Deforestation in Vietnam Blamed for Recent Deadly Landslides

vietnam-deforestation.jpg This file photo shows a deforested hill in Vietnam's central highlands' province of Dak Lak.

The recent landslides in Vietnam that killed hundreds are a direct result of deforestation caused mainly by hydropower development projects, deputies in the country’s national assembly said.

During a meeting of the assembly on Nov. 4, the deputies presented findings that construction on 25 large-scale hydropower plants in Vietnam’s central highlands region destroyed 68,000 hectares (263 square miles) and displaced 26,000 households.

Additionally, increased water pressure in reservoirs and dams has caused small and medium earthquakes in the region in recent years.

At the end of 2019, Vietnam’s total forested area amounted to 14.61 million hectares (56,000 square miles), 10.29 million hectares (40,000 square miles) of which were planted. The deputies questioned the quality of 40 percent of the planted forests.

Typhoon Molave, which was the most powerful storm to hit Vietnam in 20 years, slammed into the central region Oct. 28, with heavy rainfall and winds as high as 115-135 km per hour, according to data provided by Vietnam’s National Center for Hydro-Meteorological Forecasting.

The typhoon hit central regions already devastated by weeks of heavy rains, floods, and landslides beginning Oct. 6 that left at least 130 dead and thousands displaced. The floods and landslides also wrecked highways and roads, blocking efforts to rescue and bring supplies to many cut off from help in remote areas.

“The cause of the landslides is heavy rains from tropical storms that have continuously hit us for over a month,” Tran Tan Van, the director of the Vietnam Institute of Geosciences and Mineral Resources was quoted as saying on a government website.

“Additionally, in 2019, the El Niño weather phenomenon led to a prolonged drought in the central region, which caused changes in the rock and soil structure and led to greater porosity in the ground. This year, the La Niña weather phenomenon is causing heavy rains, leading to weakened soil cohesion and an underdevelopment in the root system in the mountainous region,” he said.

“Heavy rains could therefore easily cause landslides. Our research shows that just 100 millimeters [3.93 inches] of rainfall or even less could saturate the soil,” said Tran.

A landslide damages houses in a village in Phuoc Loc district, Quang Nam province, Vietnam Thursday, Oct. 29, 2020. Three separated landslides triggered by Typhoon Molave killed more than a dozen villagers in the province as rescuers scramble to recover more victims.
A landslide damages houses in a village in Phuoc Loc district, Quang Nam province, Vietnam Thursday, Oct. 29, 2020. Three separated landslides triggered by Typhoon Molave killed more than a dozen villagers in the province as rescuers scramble to recover more victims.

Tran also said that the government has set up landslide forecasting maps in 17 of Vietnam’s 37 high-risk provinces. The institute also investigated erosion and sent warnings to various localities.

Trade and Industry Minister Tran Tuan Anh, meanwhile, explained to lawmakers the impact of hydropower projects on deforestation.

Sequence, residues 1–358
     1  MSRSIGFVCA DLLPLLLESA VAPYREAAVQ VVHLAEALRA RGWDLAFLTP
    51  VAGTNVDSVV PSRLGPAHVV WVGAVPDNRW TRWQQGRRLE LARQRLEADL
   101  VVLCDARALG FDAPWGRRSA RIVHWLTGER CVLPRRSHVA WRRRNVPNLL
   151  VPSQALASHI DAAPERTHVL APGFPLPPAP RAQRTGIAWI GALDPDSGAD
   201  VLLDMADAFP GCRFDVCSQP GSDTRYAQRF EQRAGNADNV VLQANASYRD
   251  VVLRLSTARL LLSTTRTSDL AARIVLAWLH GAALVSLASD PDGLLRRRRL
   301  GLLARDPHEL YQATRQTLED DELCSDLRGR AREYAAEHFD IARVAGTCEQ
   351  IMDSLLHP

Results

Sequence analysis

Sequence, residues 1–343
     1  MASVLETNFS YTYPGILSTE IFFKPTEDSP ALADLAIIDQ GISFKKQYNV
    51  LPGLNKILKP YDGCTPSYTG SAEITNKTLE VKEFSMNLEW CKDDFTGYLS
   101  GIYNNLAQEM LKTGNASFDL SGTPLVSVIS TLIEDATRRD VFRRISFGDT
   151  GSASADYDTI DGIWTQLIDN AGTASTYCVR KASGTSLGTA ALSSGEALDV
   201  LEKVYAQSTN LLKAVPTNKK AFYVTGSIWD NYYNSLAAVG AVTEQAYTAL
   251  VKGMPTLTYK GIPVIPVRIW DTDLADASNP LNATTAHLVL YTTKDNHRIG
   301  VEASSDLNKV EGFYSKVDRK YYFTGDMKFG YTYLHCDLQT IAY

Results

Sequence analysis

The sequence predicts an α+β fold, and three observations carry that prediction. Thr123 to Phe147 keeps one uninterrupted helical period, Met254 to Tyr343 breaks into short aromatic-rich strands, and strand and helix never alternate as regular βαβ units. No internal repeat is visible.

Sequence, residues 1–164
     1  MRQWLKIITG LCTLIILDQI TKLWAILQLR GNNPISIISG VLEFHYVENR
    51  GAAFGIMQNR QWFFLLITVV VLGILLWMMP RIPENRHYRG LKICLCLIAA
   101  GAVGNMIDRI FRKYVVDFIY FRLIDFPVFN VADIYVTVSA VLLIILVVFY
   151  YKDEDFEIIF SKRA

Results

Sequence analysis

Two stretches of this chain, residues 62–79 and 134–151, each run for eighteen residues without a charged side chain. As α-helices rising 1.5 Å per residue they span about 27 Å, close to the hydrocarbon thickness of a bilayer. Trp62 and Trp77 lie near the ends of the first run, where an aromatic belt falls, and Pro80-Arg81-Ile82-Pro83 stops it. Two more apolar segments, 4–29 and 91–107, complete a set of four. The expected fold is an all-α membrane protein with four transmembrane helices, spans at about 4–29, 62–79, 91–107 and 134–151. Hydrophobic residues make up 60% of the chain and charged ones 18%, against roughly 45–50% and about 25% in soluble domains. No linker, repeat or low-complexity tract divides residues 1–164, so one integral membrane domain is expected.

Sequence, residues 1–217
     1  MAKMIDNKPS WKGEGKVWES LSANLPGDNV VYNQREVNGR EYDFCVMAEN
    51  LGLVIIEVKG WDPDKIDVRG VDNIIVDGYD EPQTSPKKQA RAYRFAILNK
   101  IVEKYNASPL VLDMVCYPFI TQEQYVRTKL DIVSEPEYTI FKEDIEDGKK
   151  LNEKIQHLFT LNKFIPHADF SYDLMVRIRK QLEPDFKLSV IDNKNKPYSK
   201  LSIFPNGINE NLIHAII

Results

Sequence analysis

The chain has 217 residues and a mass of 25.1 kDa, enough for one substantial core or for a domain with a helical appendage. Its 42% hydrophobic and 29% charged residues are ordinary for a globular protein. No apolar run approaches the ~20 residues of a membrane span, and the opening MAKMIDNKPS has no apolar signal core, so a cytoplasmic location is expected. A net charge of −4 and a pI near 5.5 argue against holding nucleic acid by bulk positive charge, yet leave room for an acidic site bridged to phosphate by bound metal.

“We currently have 429 active hydropower dams, or small to large sized hydropower projects nationwide, with a water storage capacity of 56 billion cubic meters, capable of generating 20,000 megawatts, which account for 37 percent of the country’s power generation capacity,” he said.

“Hydropower is an important energy source for socio-economic development in that it helps to meet the people’s power demands with a renewable energy source, with a lower risk level for pollution,” he added.

Acknowledging that the dams contributed to deforestation, the minister noted that since 2016, agencies have stopped approving hydropower projects on land that is naturally forested.

He said that 472 hydropower plant projects in the country’s central region have been cancelled due to concerns over floods and landslides in the region.

“For the last few years, there were many hydropower projects built on natural forestland, which has caused an impact on the watershed and forests… So, from now, the ministry will ask the government to tighten hydropower plant-related activities, to limit any negative impact on the environment.”

In addition to hydropower and other development projects, illegal logging is a major cause of deforestation in Vietnam.

A Viêt Nam News report published in May said that many people who lost their as a result of the effects of climate change had resorted to illegal logging, even in protected forests.

The report noted that a “lack of sanctions to monitor migration flows and stop forestry land from being illegally traded” created loopholes that contributed to deforestation, especially in the central highland region of the country.

According to Global Forest Watch, Vietnam lost about 17 percent of its tree cover between 2001 and 2019, equal to about 2.86 million hectares (11,000 square miles), capable of absorbing 1.03 gigatons of carbon dioxide emissions.

About 62 percent of this was a result of mostly “commodity driven deforestation,” with shifting agriculture, and urbanization also listed as causes.

Reported by RFA’s Vietnamese Service. Translated by Huy Le. Written in English by Eugene Whong.


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